As new COVID-19 cases outpace the ability of Hawaii hospitals and health workers to handle them, hospital administrators are asking the federal government for help in the form of hundreds of nurses, officials with the Healthcare Association of Hawaii said Monday.
Hawaii is asking for 152 specialized nursing staff including medical-surgical telemetry nurses as well as respiratory therapists to care for the critically ill, HAH President and CEO Hilton Raethel said.
Hawaii has already exhausted its other options which include activating approximately 80 Hawaii Army National Guard doctors and other personnel, hiring other medical workers from national registries such as travel nurses, and transferring patients to other hospitals or other settings, he said. Those actions are required to meet the criteria that justify a federal request.
“We’ve already been working with this surge and this over-capacity issue for the past couple of weeks,” Raethel said. “We’re now at the point where we cannot continue to take care of the patients coming in unless we bring in additional resources from the mainland.”
If approved, the nurses would be deployed to Oahu and Maui to staff 60 beds on Oahu and 10 beds on Maui for about two months. Hawaii is also requesting that the federal government allow Tripler Army Medical Center to free up approximately 30 beds for civilian patients — patients the hospital does not normally tend to and needs federal approval before admitting them.
Tripler would serve as a bridge to “relieve stress on hospitals” until more nurses arrive from the mainland, Raethel said.
“In many states struggling with COVID, the Department of Defense is doing reasonably well because they deal with a younger, healthier population on average, so they’re not being overwhelmed like our other hospitals are being overwhelmed right now,” Raethel said.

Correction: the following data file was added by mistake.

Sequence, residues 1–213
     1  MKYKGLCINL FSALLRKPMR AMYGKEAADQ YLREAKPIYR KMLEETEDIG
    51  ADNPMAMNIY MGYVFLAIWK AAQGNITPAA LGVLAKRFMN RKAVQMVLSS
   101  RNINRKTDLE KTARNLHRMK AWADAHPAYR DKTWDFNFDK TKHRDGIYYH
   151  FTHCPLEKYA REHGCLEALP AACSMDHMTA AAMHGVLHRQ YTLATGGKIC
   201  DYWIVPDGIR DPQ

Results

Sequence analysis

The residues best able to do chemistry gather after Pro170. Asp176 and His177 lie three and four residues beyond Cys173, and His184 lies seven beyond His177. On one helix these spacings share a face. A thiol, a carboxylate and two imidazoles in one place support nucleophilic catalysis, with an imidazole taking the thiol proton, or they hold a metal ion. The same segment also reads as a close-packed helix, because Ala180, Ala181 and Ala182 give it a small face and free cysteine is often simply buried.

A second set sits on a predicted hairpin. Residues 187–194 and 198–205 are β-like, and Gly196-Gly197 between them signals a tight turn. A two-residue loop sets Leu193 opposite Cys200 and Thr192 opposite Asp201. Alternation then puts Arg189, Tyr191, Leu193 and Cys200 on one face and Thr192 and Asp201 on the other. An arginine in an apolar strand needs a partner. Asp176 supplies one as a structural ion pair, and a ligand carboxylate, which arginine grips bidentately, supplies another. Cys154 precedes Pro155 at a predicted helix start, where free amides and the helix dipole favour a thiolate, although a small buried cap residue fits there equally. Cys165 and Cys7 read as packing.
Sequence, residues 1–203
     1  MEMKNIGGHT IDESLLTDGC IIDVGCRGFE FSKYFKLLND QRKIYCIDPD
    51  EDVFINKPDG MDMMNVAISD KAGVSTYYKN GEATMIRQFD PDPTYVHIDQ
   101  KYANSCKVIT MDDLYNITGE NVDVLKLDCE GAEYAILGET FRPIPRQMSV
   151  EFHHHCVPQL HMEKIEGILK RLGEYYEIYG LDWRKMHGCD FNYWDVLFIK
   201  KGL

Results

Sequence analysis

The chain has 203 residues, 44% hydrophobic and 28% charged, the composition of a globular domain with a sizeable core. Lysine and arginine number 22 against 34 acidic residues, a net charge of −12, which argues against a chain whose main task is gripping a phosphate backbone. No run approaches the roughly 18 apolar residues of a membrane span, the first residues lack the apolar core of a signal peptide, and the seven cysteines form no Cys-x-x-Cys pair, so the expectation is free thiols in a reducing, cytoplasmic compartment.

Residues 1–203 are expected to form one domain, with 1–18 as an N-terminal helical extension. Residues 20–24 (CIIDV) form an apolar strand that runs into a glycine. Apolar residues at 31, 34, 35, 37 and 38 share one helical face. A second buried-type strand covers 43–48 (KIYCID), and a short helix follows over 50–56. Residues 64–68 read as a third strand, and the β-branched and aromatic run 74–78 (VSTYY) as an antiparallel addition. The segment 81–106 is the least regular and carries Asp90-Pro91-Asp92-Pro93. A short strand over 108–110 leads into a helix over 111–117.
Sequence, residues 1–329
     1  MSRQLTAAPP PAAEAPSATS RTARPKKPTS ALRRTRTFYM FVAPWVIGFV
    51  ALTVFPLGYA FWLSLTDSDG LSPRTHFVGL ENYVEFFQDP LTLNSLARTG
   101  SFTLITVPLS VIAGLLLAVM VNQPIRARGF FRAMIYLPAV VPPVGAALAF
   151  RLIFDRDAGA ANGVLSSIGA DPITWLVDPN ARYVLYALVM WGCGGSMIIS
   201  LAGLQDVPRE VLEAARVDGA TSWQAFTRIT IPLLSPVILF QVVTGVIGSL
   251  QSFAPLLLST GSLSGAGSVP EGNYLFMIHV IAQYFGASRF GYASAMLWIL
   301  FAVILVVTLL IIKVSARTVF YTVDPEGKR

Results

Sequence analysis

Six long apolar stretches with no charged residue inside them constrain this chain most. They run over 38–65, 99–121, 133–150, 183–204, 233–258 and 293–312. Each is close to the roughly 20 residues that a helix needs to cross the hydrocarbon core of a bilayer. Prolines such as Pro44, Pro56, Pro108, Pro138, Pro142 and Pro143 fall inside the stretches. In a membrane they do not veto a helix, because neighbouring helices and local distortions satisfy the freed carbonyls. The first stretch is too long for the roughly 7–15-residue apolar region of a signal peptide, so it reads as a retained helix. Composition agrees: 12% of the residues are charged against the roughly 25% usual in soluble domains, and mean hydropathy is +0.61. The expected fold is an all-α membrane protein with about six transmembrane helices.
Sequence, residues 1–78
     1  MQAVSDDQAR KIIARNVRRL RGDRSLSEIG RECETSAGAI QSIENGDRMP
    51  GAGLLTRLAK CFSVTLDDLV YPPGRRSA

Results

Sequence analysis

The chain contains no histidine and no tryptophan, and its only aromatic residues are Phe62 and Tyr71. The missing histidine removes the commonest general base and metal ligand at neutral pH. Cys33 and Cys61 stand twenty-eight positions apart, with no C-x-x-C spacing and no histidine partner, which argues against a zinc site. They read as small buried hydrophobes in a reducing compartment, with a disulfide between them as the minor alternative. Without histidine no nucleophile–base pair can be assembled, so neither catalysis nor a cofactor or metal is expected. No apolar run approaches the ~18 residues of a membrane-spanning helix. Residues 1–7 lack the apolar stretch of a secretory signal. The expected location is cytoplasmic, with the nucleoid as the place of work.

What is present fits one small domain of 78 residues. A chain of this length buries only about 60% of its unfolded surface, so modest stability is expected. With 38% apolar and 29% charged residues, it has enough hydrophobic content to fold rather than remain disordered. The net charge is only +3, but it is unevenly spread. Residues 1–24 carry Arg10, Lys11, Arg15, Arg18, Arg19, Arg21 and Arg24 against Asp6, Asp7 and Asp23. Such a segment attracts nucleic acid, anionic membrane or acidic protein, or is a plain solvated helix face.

HAH is the private nonprofit trade association for hospitals and other health care organizations, and planned to finalize its request Monday evening. The paperwork will be sent to the Department of Health, then to the Hawaii Emergency Management Agency which sends it directly to the Federal Emergency Management Agency.
“The shortage we have is essentially a statewide shortage particularly on Maui and Oahu. Activating local National Guard members is not going to help,” Raethel said. “They already have jobs in health care and we need them to stay in those jobs which is why we need to supplement more resources.”
HI-EMA and Gov. David Ige’s office did not respond to an inquiry Monday evening.
“It’s been clear for about two weeks that there was no way we’d avoid surging to our capacity, which is also why we have to be more serious about our prevention measures,” said Lt. Gov. Josh Green, the state COVID-19 medical liaison who tracks hospital and intensive care unit space daily.
Approximately 4,500 people have an active infection and are being monitored by the state, Green said, noting about 5% to 11% of all COVID-19 patients end up being hospitalized.
As the pandemic continues to affect medical supplies, personnel and other resources in other states, Hawaii does not have a guarantee that its request will be fulfilled in its entirety, he said.
If it ever becomes necessary, the state could consider creating an alternative facility to care for COVID-19 patients, which could include beds at the Hawaii Convention Center, according to Green.
Hawaii has not reached that point, according to Raethel, but hospitals have already been transferring patients to deal with new COVID-19 patients, which have been reported at a record rate throughout August.
A spokeswoman with The Queen’s Health Systems confirmed Friday that the hospital network has transferred at least 25 COVID-19 patients to other hospitals, but would not name which hospitals.
Those transfers were a signal Hawaii needs help, Green said. Requesting assistance from Tripler is “historic,” he said, although the Army’s medical center already has an ongoing relationship with Queen’s to care for trauma patients and has admitted veterans or other Department of Defense personnel in the past.
“Once it became evident that we actually needed to transfer patients from our largest hospital, no one could deny anymore that we needed some assistance,” Green said. “This has got to be all hands on deck.”
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